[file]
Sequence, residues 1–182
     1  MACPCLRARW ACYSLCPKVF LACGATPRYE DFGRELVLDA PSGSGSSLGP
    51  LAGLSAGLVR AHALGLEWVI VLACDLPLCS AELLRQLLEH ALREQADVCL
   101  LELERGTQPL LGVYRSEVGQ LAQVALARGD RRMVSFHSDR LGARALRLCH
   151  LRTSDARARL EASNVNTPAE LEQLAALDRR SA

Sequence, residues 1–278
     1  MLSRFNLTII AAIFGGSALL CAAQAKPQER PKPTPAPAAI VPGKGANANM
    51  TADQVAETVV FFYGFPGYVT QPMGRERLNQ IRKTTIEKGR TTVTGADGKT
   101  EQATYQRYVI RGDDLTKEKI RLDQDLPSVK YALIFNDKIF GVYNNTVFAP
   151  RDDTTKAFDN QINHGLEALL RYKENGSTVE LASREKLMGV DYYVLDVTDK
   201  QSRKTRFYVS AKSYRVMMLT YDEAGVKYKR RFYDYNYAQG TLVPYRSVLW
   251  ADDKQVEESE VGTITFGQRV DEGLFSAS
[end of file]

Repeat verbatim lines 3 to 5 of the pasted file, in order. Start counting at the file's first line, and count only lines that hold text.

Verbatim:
    51  LAGLSAGLVR AHALGLEWVI VLACDLPLCS AELLRQLLEH ALREQADVCL
   101  LELERGTQPL LGVYRSEVGQ LAQVALARGD RRMVSFHSDR LGARALRLCH
   151  LRTSDARARL EASNVNTPAE LEQLAALDRR SA